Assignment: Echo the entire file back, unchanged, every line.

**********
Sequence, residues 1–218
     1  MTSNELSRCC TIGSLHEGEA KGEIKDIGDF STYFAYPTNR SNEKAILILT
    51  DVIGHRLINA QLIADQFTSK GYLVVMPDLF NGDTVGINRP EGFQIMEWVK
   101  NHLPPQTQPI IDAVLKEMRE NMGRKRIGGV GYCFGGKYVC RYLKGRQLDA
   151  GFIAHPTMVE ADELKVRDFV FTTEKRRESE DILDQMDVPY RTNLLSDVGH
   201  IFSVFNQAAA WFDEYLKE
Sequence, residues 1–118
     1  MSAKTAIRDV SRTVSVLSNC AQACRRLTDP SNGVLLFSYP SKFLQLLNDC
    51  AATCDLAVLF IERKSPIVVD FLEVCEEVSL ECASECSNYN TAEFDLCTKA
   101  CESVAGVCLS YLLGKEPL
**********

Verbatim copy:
Sequence, residues 1–218
     1  MTSNELSRCC TIGSLHEGEA KGEIKDIGDF STYFAYPTNR SNEKAILILT
    51  DVIGHRLINA QLIADQFTSK GYLVVMPDLF NGDTVGINRP EGFQIMEWVK
   101  NHLPPQTQPI IDAVLKEMRE NMGRKRIGGV GYCFGGKYVC RYLKGRQLDA
   151  GFIAHPTMVE ADELKVRDFV FTTEKRRESE DILDQMDVPY RTNLLSDVGH
   201  IFSVFNQAAA WFDEYLKE
Sequence, residues 1–118
     1  MSAKTAIRDV SRTVSVLSNC AQACRRLTDP SNGVLLFSYP SKFLQLLNDC
    51  AATCDLAVLF IERKSPIVVD FLEVCEEVSL ECASECSNYN TAEFDLCTKA
   101  CESVAGVCLS YLLGKEPL